week of 11/16
week of 11/16 NSCI 3310
Popular in Cellular Neuroscience
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This 21 page Class Notes was uploaded by Emma Notetaker on Thursday November 19, 2015. The Class Notes belongs to NSCI 3310 at Tulane University taught by Jeffrey Tasker in Summer 2015. Since its upload, it has received 37 views. For similar materials see Cellular Neuroscience in Nutrition and Food Sciences at Tulane University.
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Date Created: 11/19/15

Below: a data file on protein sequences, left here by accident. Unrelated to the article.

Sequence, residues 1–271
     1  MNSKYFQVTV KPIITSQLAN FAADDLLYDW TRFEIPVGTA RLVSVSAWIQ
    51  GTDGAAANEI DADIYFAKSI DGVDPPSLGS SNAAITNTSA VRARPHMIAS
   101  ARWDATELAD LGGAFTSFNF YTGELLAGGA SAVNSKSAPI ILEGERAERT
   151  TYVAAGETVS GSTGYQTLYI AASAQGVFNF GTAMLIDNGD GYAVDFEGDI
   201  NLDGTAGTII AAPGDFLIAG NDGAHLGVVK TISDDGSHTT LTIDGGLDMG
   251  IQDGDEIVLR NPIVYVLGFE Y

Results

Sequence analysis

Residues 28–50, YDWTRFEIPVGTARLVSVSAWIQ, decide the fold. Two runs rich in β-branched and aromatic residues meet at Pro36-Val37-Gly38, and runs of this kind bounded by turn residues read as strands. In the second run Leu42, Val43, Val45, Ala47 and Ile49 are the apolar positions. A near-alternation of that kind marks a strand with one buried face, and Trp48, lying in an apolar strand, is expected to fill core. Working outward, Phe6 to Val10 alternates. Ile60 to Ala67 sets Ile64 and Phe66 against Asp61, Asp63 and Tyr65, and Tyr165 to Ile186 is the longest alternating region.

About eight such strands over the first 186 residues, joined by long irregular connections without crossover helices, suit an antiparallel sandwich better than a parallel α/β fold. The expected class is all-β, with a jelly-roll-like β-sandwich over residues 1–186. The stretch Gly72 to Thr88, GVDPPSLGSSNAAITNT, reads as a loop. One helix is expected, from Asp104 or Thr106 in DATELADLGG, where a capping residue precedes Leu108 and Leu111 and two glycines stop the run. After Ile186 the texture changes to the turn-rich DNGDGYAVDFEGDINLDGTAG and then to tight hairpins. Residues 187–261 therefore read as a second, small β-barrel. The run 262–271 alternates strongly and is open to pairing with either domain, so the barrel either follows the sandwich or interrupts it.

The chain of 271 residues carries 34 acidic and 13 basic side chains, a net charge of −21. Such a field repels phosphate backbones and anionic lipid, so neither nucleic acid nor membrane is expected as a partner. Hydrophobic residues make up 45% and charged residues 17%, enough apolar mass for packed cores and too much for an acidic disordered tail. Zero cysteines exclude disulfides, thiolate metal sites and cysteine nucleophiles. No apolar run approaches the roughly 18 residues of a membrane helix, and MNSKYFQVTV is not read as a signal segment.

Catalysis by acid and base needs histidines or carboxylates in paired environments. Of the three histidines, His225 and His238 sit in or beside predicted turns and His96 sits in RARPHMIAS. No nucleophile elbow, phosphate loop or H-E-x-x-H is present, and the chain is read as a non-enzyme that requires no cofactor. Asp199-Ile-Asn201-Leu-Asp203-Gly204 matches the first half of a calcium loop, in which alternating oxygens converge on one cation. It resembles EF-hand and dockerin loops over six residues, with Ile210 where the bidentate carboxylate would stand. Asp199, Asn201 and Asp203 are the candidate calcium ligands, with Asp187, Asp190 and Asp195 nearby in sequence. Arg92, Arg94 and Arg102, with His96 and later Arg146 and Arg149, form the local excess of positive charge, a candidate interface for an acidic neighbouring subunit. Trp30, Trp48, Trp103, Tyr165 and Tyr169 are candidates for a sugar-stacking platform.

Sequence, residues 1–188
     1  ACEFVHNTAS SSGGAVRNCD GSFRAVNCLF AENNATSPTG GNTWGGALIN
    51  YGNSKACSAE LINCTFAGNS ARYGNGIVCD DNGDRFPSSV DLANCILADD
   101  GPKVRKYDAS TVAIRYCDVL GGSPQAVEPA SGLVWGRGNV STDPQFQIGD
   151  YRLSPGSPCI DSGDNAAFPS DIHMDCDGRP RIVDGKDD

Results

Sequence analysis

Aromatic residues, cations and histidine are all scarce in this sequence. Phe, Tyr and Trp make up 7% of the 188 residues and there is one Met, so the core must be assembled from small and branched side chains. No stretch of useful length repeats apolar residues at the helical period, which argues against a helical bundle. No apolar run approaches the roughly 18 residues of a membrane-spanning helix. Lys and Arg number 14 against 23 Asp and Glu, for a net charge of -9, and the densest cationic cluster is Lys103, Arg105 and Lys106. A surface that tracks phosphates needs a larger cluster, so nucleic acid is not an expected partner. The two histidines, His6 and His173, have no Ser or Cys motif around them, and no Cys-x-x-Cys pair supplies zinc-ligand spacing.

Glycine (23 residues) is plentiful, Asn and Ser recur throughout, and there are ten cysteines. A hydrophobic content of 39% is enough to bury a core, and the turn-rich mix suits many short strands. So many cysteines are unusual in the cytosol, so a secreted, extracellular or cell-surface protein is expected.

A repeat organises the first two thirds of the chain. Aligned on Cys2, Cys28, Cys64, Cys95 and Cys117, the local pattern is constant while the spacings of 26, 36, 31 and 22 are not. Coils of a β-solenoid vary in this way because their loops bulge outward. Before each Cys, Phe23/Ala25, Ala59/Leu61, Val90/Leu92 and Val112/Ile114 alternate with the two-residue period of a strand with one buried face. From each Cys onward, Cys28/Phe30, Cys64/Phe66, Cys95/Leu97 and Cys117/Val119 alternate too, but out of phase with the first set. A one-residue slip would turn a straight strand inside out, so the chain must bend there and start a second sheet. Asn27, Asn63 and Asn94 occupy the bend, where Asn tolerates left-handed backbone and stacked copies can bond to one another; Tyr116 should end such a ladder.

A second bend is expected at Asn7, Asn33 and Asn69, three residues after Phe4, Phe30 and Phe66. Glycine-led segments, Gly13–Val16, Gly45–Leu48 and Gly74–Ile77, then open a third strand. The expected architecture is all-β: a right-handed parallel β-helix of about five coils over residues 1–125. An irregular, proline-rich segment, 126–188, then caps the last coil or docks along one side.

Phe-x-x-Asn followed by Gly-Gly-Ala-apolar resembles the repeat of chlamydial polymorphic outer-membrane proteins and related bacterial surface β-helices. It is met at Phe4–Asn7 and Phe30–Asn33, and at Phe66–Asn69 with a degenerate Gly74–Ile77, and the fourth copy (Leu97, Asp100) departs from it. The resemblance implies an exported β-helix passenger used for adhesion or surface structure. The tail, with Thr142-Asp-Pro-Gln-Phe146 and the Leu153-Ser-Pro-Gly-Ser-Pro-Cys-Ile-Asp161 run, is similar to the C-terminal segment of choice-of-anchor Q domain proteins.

Central Visual System 111915 558 PM Ganglion cells 4 types 0 M cells parasol cells large dendritic arbor O 0 00000 large ganglion cells 510 of total ganglion cells in retina project to magnocellular large receptive field mediate lower spatial discrimination faster AP conduction fairly insensitive to color respond to low contrast light detects movement transient adaptive response to center light adapt rapidly P cells 0 0 small cells 8090 of total ganglion cells in retina midget cells small receptive field higher spatial discrimination more discrete signals slower AP conduction sustained response to center light adapt slowly detect form edge formation and color vision redgreen color vision project to parvocellular neurons in lateral geniculate nucleus 0 bistratified cells nonMnonP cells O 0000 O neither small ganglion cells 510 intermediate sized receptive field conduction velocity contrast detection detect color mainly blueyellow 0 light sensitive ganglion cells small O 0 have photopigment in membranes can directly respond to light don t really work for visual field but regulate circadian rhythm 0 each of these ganglion cells project to different pathways to the lateral geniculate nucleus all axons unmyelinated in retina until reach optic nerve retinofugal projection retina covers 34 of the inside of the eye 0 optic nerve myelination begins 0 optic chiasm crossover o axons enter brain here 0 optic tract 0 fiber tract IN brain ganglion cell target projections 4 o 1 lateral geniculate nucleus of thalamus perception 2 hypothalamic suprachiasmatic nucleus circadian rhythms 3 pretectum pupil lens reflexes 4 superior colliculus eye head movement pathways to visual cortex ganglion cells 9 optic nerves 9 optic chiasm 9 optic tracts 9 lateral geniculate nucleus 9 optic radiation 9 primary visual cortex color opponency centersurround color opponent receptive field 0 redgreen P cell receptive field due to red and green cones o blueyellow nonMnonP cell receptive field blue and yellow redgreen cones 0 designed for detection of color contrast visual field projections 0 objects inverted on retina 0 light crosses in lens 0 similar to camera lens visua field divided into quadrants retina divided into quadrants o fovea at center 0 temporal and nasal hemiretinas superior and inferior visual field binocular both eyes monocular one eye o nose in the way 0 temporal crescent retina divided into halves o hemiretinas temporal and nasal hemiretinas receive light from opposite half of the visual field 0 left visual field 9 right hemiretina axons from nasal hemiretinas cross contralateral in optic chiasm axons from temporal DON T cross ipsilateral defecits optic nerves carry info from single eye about both sides of field 0 optic tracts carry info from both eyes about apposite visual field projections to the LGN LGN gets info from o ipsilateral temporal retina o contralateral nasal retina 0 about opposite visual field 0 LGN 6 layered structure 0 3 layer ipsilateral retina o 3 layers contralateral retina outputs from LGN o parvocellular neurons what form and color info inputs from P ganglion cells 0 magnocellular neurons where location movement inputs from M cells parallel visual streams 0 form color and motion info carried by segregated retinotopically organized pathways in brain 0 parvocellular magnocellular and konicellular layers in LGN retinotopic organization of visual cortex 0 projections to primary 0 occipital lobe 0 info from only half of visual field to each hemisphere o superior and inferior quadrants segregated retinotopic organization 0 about 50 of primary devoted to fovea 0 different quadrants project to different regions of primary visual cortex visual field mapped on cortex projections to primary visual cortex 0 neocortex o 6 layers VI deepest o LGN projection to layer IV 0 layer IV projections to other layers local circuit projections n spiny stellate neurons nt glutamate columnar organization 0 ocular dominance columns alternating columns receive projections from each eye 0 blobsinterblobs blob color info interblob form 0 orientation columns line orientation of 180 degree scale inputs and outputs pyramidal cells are output cells 0 projections to other areas cortical and non o ntgutamate simple cells 0 higher order neurons 0 receive inputs from spiny stellate cells pyramidal cells 0 receptive fields 0 large rectilinear 0 lines and bars 0 perceive outline 0 formed by integration of multiple concentric fields 0 orientation and position selective simple cells tuned to different orientations cortical receptive fields organization 0 orientation selectivity simple cells o binocular o orientation selective o elongated onoff region with antagonistic flanks responds to optimally oriented bar of light 0 possibly composed of 3 LGN cell axons with centersurround receptive fields orientation columns cells in same column respond to same orientation cells in adjacent columns repond to orientations shifted by around 10 degrees hypercolumns set of orientation ocular dominance columns and blobs full analysis of single point on 2 retinas all 180 degree colors and both eyes around 1 mm2 111915 558 PM 111915 558 PM Central Visual System 111715 843 PM Ganglion cells 4 types M cells parasol cells large dendritic arbor 0 large ganglion cells 5 10 of total ganglion cells in retina 0 project to magnocellular 0 large receptive field mediate lower spatial discrimination faster AP conduction fairly insensitive to color respond to low contrast light detects movementmotion transient adaptive response to center light adapt rapidly OOOOO P cells 0 small cells 80 90 of total ganglion cells in retina midget cells 0 small receptive field higher spatial discrimination more discrete signals 0 slower AP conduction o sustained response to center light adapt slowly o detect form edge formation and color vision red green color vision 0 project to parvocellular neurons in lateral geniculate nucleus bistratified cells nonM nonP cells 0 neither small ganglion cells 510 intermediate sized receptive field conduction velocity contrast detection 0 detect color mainly blue yellow light sensitive ganglion cells small 0 have photopigment in membranes can directly respond to light 0 don t really work for visual field but regulate circadian rhythm each of these ganglion cells project to different pathways to the lateral geniculate nucleus all axons unmyelinated in retina until reach optic nerve retinofugal projection retina covers 34 of the inside of the eye optic nerve myelination begins optic chiasm crossover o axons enter brain here optic tract 0 fiber tract IN brain ganglion cell target projections 4 1 lateral geniculate nucleus of thalamus o perception 2 hypothalamic suprachiasmatic nucleus 0 circadian rhythms daily night and day rhythms sends projectsionf rot drive daily rhythms 395 LL I I CI 0 O O O daily night and day rhythms sends projectsionf rot drive daily rhythms 3 pretectum pupil lens reflexes 4 superior colliculus o in midbrain o eyehead movement pathways to visual cortex ganglion cells a optic nerves a optic chiasm a optic tracts a lateral geniculate nucleus 31 optic radiation axonal projections that fan out from LGN a primary visual cortex outputs of retinal ganglion cells 3 types of info transmitted by retinal ganglion cells 0 form p cells 0 color p cells 0 motion m ganglion cells transmitted by different galgnion cells 0 mcells o p cells 0 nonM nonP bistratified ganglion cells project to konicellular regions between magno and parvocellular mainly color information a blue yellow color opponency center surround color opponent receptive field 0 red green P cell receptive field clue to red and green cones red light in the center green in the surround o blue yellow nonM nonP cell receptive field blue and yellow redgreen cones make yellow with red and green surround has both red and green cones 0 designed for detection of color contrast visual field projections objects inverted on retina 0 light crosses in lens 0 similar to camera lens both eyes get info from both sides but not as much for opposite side clue to nose visual field divided into quadrants retina divided into quadrants o fovea at center 0 temporal and nasal hemiretinas halves left and right 0 superior and inferior projections inverted AND reversed on retina visual field binocular both eyes monocular one eye 0 nose in the way 0 temporal crescent retina divided into halves o hemiretinas temporal and nasal hemiretinas receive light from opposite half of the visual field 0 left visual field a right hemiretina axons from nasal hemiretinas cross contralateral in optic chiasm 0 left visual field a right hemiretina axons from nasal hemiretinas cross contralateral in optic chiasm axons from temporal DON T cross ipsilateral right optic tract only gets info from opposite visual field 0 each optic nerve only carrying opposite info deficits optic nerves carry info from single eye about both sides of field optic tracts carry info from both eyes about opposite visual field 0 becomes optic tract after the optic chiasm projections to the LGN LGN gets info from o ipsilateral temporal retina o contralateral nasal retina 0 about opposite visual field LGN 6 layered structure 0 3 layer ipsilateral retina o 3 layers contralateral retina 0 layers divided into ones cl 2 devoted to magnocellular layers 1 and 2 4 devoted to parvocellular layers 3 6 0 intermediate zones in between layers outputs from LGN o parvocellular neurons what form and color info inputs from P ganglion cells 0 magnocellular neurons where location movement inputs from M cells parallel visual streams form color and motion info carried by segregated retinotopically organized pathways in brain parvocellular magnocellular and konicellular layers in LGN retinotopic organization of visual cortex projections to primary 0 occipital lobe 0 info from only half of visual field to each hemisphere o superior and inferior quadrants segregated retinotopic organization 0 about 50 of primary devoted to fovea 0 different quadrants project to different regions of primary visual cortex visual field mapped on cortex projections to primary visual cortex neocortex o 6 layers VI deepest o LGN projection to layer IV 0 layer IV projections to other layers local circuit projections n spiny stellate neurons nt glutamate columnar organization 0 ocular dominance columns alternating columns receive projections from each eye 0 blobsinterblobs blob color info interblob form blob color info interblob form 0 orientation columns line orientation of 180 degree scale inputs and outputs pyramidal cells are output cells 0 projections to other areas cortical and non o ntglutamate simple cells higher order neurons receive inputs from spiny stellate cells pyramidal cells receptive fields 0 large rectilinear 0 lines and bars 0 perceive outline 0 formed by integration of multiple concentric fields orientation and position selective simple cells tuned to different orientations cortical receptive fields organization orientation selectivity simple cells 0 binocular o orientation selective o elongated on off region with antagonistic flanks responds to optimally oriented bar of light 0 possibly composed of 3 LGN cell axons with center surround receptive fields orientation columns cells in same column respond to same orientation cells in adjacent columns repond to orientations shifted by around 10 degrees hypercolumns set of orientation ocular dominance columns and blobs full analysis of single point on 2 retinas all 180 degree colors and both eyes around 1 mm2 cortical hypercolumn cortical module 0 each module capable of analyzing every aspect of a portion of the visual field cortical receptive fields monocular receptive fields 0 laver IVC similar to LGN cells 0 layer IVCa insensitive to wavelength 0 layer IVCB center surround color opponency binocular receptive fields 0 layers superficial to IVC first binocular receptive fields in the visual pathway direction selectivity o neuron fires action potentials in response to moving bar of light 0 magnocellular inputs from LGN complex cells 0 cortical receptive fields rnmnlov rolle 39 LUIIIpICX LCllb o cortical receptive fields complex cells a binocular n orientation selective n ON and OFF responses to the bar of light but unlike simple cells NO distinct on and off regions pyramidal cells input from simple cells receptive fields rectilinear n orientation selective a position unselective a movement selective n respond to oriented edges integration of inputs from simple cells with adjacent receptive fields simple and complex cells perception of form color 0 blob receptive fields circular monocular no orientation of direction selectivity majority of color sensitive neurons outside layer IVC specialized for analysis of object color parallel pathways within V1 magnocellular koniocellular parvocellular higher visual cortices dorsal stream 0 analysis of visual motion and the visual control of action ventral stream 0 perception of the visual world and the recognition of objects visual cortex beyond the striate cortex dorsal stream V1 V2 V3 MT MST other dorsal areas 0 area MT temporal lobe most cells direction selective respond more to motion than shape 0 beyond area MT 3 roles of cells in area MST parietal lobe navigation directing eye movements motion perception ventral stream V1 V2 V3 IT other ventral areas 0 area V4 achromatopsia partial or complete loss of color vision a caused by damage to area V4 0 area IT major output of V4 higher order selectivity objectsfaces from single neurons to perception visual perception 0 identifying and assigning meaning to objects hierarchy of complex receptive fields 0 retinal ganglion cells center surround structure sensitive to contrast and wavelength 0 striate cortex Vll vl wullvmllvu U IVIV VII sensitive to contrast and wavelength 0 striate cortex orientation selectivity direction selectivity binocularity o extrastriate cortical areas selective responsive form photoreceptors to grandmother cells 0 grandmother cells face selective neurons in area IT probably not perception NOT based on activity of individual higher order cells parallel processing and perception 0 groups of cortical areas contribute to the perception of color motion and identifying objects vusnon perception combines individually identified properties of visual objects achieved by simultaneous parallel processing of several visual pathways parallel processing like the sound produces by an orchestra of visual areas rather than the end product of an assembly line 111715 843 PM 111715 843 PM Vestibular SystemVisual System 111415 1251 PM importance of vestibular system balance equilibrium posture head body eye movement vestibular labyrinth 2 structures 0 1 otoith organs gravity and tilt o 2 semicircular canals head rotation both use hair cells like auditory system to detect changes otoith organs detect changes in head angle linear acceleration o macular hair cells responding to tilt macula sensory organ in utricle and saccule contains hair cells hair cells transduce movement in gelatinous cap endolymph with defletcions in cilia and influx of potassium via mechanically gated channels otoiths calcium carbonate crystals detect acceleration maculae saccule vertical acceleration utricle horizontal acceleration o mirror images in opposite ears 0 depolarization with tilt in one direction hyperpolarization in the other 0 2 ears have opposite responses vestibular system semicircular canals o angular acceleration o detect rotational movements structure 0 hair cells in ampulla bulge in canal o cupula gelatinous structure hair cell cilia embedded in cupula o canals filled endolymph contralateral canals have opposite responses adaptation to sustained rotation vestibular system otoith organs a lateral vestibular nucleus semicircular canals a medial vestibular nuceus vestibulo ocular reflex VOR 0 eye motor compensation for head movement 0 inputs from vestibular apparatus project to neurons that control muscle in eyes to move eyes appropriate to environment 0 controls eye movements to counteract head movements 0 moves eyes in opposite direction that head is moving in order to keep a stable gaze properties of light light 0 electromagnetic radiation 0 travels in waves A Alaloonnhc anrl amnIiIIlrloc o electromagnetic radiation 0 travels in waves 0 wavelengths and amplitudes electromagnetic spectrum 0 determined by wavelength 0 visible light 400 700 nm 0 UV xrays gamma rays lt400nm smaller wavelengths o infrared radar etc gt700 nm larger wavelengths light refelction 0 light reflects off objects 0 causes light scattering 0 causes loss of visual acuity absorption 0 light absorbed by pigment refraction 0 light is bent to different degrees going through different mediums The Eye Cornea and Lens 0 Refraction of light most occurs at cornea fine tuning at lens 0 Focused at Retina at fovea 34 of eye covered by retina 0 Accommodation Lens shape changes with distance of object Rounder for closer objects a Ciliary muscles Retina o Layered structure that covers 34 of inside of eye 0 Photoreceptors Capture photons Phototransduction outermost layer in retina cells that capture light and trigger sensory response 0 Fovea Center of retina Region of high visual acuity u highest sensory resolution Where layers separate 0 Pigment Epithelium Melanin containing cells n absorb stray light not captured by photoreceptors u prevents light from reflecting around within the eye 0 5 Layers 1 Outer nuclear layer a Photoreceptors 2 Outer pleXiform layer a synapses between photoreceptors and interneurons 3 Inner nuclear Layer DYIIUPDL D LIL LVVLaLaII PIIULUI bbbPLUI D UIIU interneurons 3 Inner nuclear Layer El cell bodies of Interneurons 4 Inner plexiform layer 5 El El El El El Image Formation o Corneal Refraction Bending of light El El Synapses of interneurons and output cells Ganglion Cell Layer inner most layer output layer of retina cells that send signal into brain send axons out over inner surface of retina to optic disk where they collect to form optic nerve and optic nerve exits the retina unmyelinated axons until they get to optic nerve occurs at cornea most refractive power lens can change bend in order to change resolution fine tune focusing Caused by light passing through different media Focal distance cornea to convergence point El El closer the light the more round the lens is more refraction more bending closer the object the greater bending needed to focus same principle as glasses 0 Accommodation Refraction by lens Focus on retina By shape of lens Light Path to Photoreceptors o Photoreceptors Located in outer nuclear layer outermost layer Light path to photoreceptors impeded by other layers Fovea El Photoreceptors o Rods and Cones o Morph ology Layers parted to allow direct light access to photoreceptors light doesn t have to go through other 4 layers of retina minimal amount of reflection from other objects Least distortion of light Located in center of retina directly behind cornea andlens Highest concentration of photoreceptors conesa high acuity high density of cones responsible for high visual acuity detection very center foviola least distortion of light a fovia nl ILAquot ni f lml l o Rods and Cones o Morphology Outer segment discs n dendrites n area that captures light Inner segment soma Synaptic Terminal 0 Rods night vision Single visual pigment u Rhodopsin Cannot detect color only light detection more photopigment more sensitive to light than cone high sensitivity but low special resolution High sensitivity Low spatial resolution low acuity n Due to more visual pigment more rhodopisin in rods than opsin in cones a Convergence onto bipolar cells 0 Cones day vision 3 Visual Pigments a Red green blue opsinsa Color detection a low sensitivity because of less photopigment ess membrane to hold photopigment a high visual acuity a primarily in fovea a Each pigment responds to different wavelengths of light a High spatial resolution high acuity low sensitivity a Less visual pigment low convergence often 11 cone to bipolar 11 relationship to interneurons they are talking to Factors contributing to Visual Acuity 0 Convergence of photoreceptor signals 0 Light access to photoreceptors Phototransduction o Occurs at photoreceptor o Rhodopsin Rod photopigment n Opsin 7 transmembrane protein G Protein Coupled u Retinal Light absorbing vitamin A derivative 0 Lighta 11 cis to all trans retinal a activation of opsin Triggers 2nd messenger cascade 2nd Messenger Cascade 0 activation of photoreceptor is a hyperpolarization decreasing neurotransmitter release onto next cell in circuit 0 G protein transducin o cGMP phosphodiesterase a cGMP to 5 GMP decrease cGMP cGMP Phosphodiesterase inactivate cAMP or cGMP 0 Closing of cGMP gated Na channels cGMP Phosphodiesterase inactivate CAMP or cGMP 0 Closing of cGMP gated Na channels 0 Blocks dark current ie current activated in dark n leads to hyperpolarization ie passive signaling Red Green and Blue Cones 0 Color Vision Differential activation of red green and blue cones Retinal Circuits o 5 Cell Types in retina ALL USE GLUTAMATE Photoreceptors rods and cones u in outer nuclear layer a DO NOT GENERATE AP u use glutamate u hyperpolarize in response to light Bipolar Cells u use glutamate inner nuclear layer Interneurons directly linking photoreceptors to ganglions do not produce APs passive response to light in their receptive field is PASSIVE response depolarization or hyperpolarization passive transmission of response a ionotropic Horizontal Cells u inhibitory u use GABA a DO NOT GENERATE AP u interneurons El El El El El El inner nuclear layer link up neighboring photoreceptors Amacrine Cells u interneurons u inhibitory use glycine a multiple subtypes a DO GENERATE AP Ganglion Cells u use glutamate EXCITATORY u will follow whatever bipolar cell is doing a output cell a DO GENERATE AP in order to transmit visual signal to brain a where axons come together to form optic nerve 0 only ones that generate action potentials are ganglion cells to get messages the long distances to the brain and amacrine cells needs to depolarize through electrical cell gap junction channels 0 5 Layers Outer nuclear Outer plexiform n doesn t contain any cells n contains synapses glutamate synapses Inner nuclear n infernal Irnnc u contains synapses glutamate synapses Inner nuclear u interneurons basic retinal circuit 0 processing of visual signals photoreceptors rods and cones a interneurons a ganglion cells 0 interneurons bipolar cells horizontal cells and amacrine cells 0 ganglion cells output cells of retina axons form optic nerve project into brain form optic disk blind spot visual information transmitted to brain by action potentials photoreceptors are ALWAYS hyperpolarized inhibited by light 0 sensory receptor doesn t have a receptive field NOT organized in center surround 0 ALL receptors respond to light in the same way 0 inhibition of dark current hyperpolarization center surround receptive fields antagonistic 0 direct vertical pathways center of receptive field photoreceptor a bipolar cell a ganglion cell indirect lateral pathways surround of receptive field surround by way of lateral projection to horizontal cell interneuron a photoreceptor a ganglion cells goes indirectly but to same cells via horizontal cell horizontal cell switches polarity o if the center is excitatory the surround is inhibitory and vice versa 0 if ON center receptive field meaning that light hitting the center is excitatory light in the surround causes inhibition or off response because transmits through lateral pathway when light hits the center surround gets synaptic signal from lateral pathway that causes opposite response than would have been if it had been hit directly receptive fields of bipolar cells and ganglion cells ganglion cell receptive fields 0 area of retina that ganglion cell responds to o convergence of interneurons onto ganglion cell 0 job of gangion cells is to relay message to the brain center surround receptive field 0 circular concentric centersurround o antagonistic centersurround o on center and off center ganglion cells on center excited by center light inhibited by surround light off center inhibited by center light excited by surround light tuned for contrast detection 0 diffuse light elicits little response only slight depolarization or hyperpolarization o tuned to detect luminescence differences within field detects edges between darker and lighter objects center pathways rliF39Forinn Inn nr nF39F nonfor oral loo 39IhQI rocnnnrl rliF39ForonIhl 39In O O edges between darker and lighter objects center pathways differing on or off center because they respond differently to glutamate cone aON center bipolar cell synapse o glutamate inhibitory mGluR s o hyperpolarization of cone in response to light less glutamate release onto both on and off center bipolar cells excitation of bipolar cell cone a off center bipolar cell synapse o glutamate excitatory iGIuR s o hyperpolarization of cone less glutamate release inhibition of bipolar cell bipolar cell a ganglion cell synapse o glutamate excitatory iGIuR s o depolarization a more glutamate release onto ganglion cell ganglion cell excitation o hyperpolarization a less glutamate release onto ganglion cell a ganglion cell inhibition surround pathways cone pathways cones hyperpolarize in response to light indirect or lateral pathway to ganglion cells increase spatial resolution mediate surround response on or off light activates cone in surround a glutamate excitatory a hyperpolarizesinhibits with less glutamate release horizontal cell cone in center a bipolar cell in center pathways a ganglion cell horizontal cells are GABA ergic release GABA onto cones photoreceptors causes less GABA release 0 reversal of sign a depolarization of cone 0 opposite from response to light on cone antagonistic response generated in the surround of the receptive field center not responding directly to light but responding to synaptic inputs through lateral pathway through horizontal cell all signals reverse with respect to center response 0 depolarization of center cone increased glutamate release 0 1 hyperpolarization of on center bipolar cell decreased glutamate release hyperpolarization of on center ganglion cell decreased spiking o 2 depolarization of off center bipolar cell increased glutamate release depolarization of off center ganglion cell increased spiking rod pathways rod photoreceptors generate hyperpolarization in response to light indirect pathway 0 via rod bipolar cells 0 A11 amacrine cells rod bipolar cells on center bipolar cells 0 glutamate synapse activating metabotropic receptors to hyperpolarize n rlnnpc NOT nrm39pr l39 rlirpr l39lv l39n nannlinn Fall 51 nnpc l39n nmnr rinp o glutamate synapse acuvating metaDOtropic receptors to hyperpolarize o dooes NOT project directly to ganglion cell 31 goes to amacrine cells amacrine cells action potential generation 0 glycine is nt 0 mediates rod pathway through projecting to both on and off center ganglion cells 0 electrical synapses with on center ganglion cells a excitatory depolarize forms ELECTRICAL synapse with on center cells n channels between which ions flow directly n presynaptic cell generates action potentials accumulation of positive charge in presynaptic cell which flows through channels to depolarize postsynaptic cell 0 chemical synapses with off center ganglion cells a inhibitory hyperpolarized by glycine release 0 excitation of on center and inhibition of off center ganglion cells no center surround antagonism leads to loss of spatial resolution only uses on center bipolar cells 0 loss of lines and borders higher sensitivity lower visual acuity reason you can see stars better when not looking directly at them center of visual field has very few rods and more cones o to use rods you need to use peripheral retina where there are more rods also tap into cone pathway 111415 1251 PM 111415 1251 PM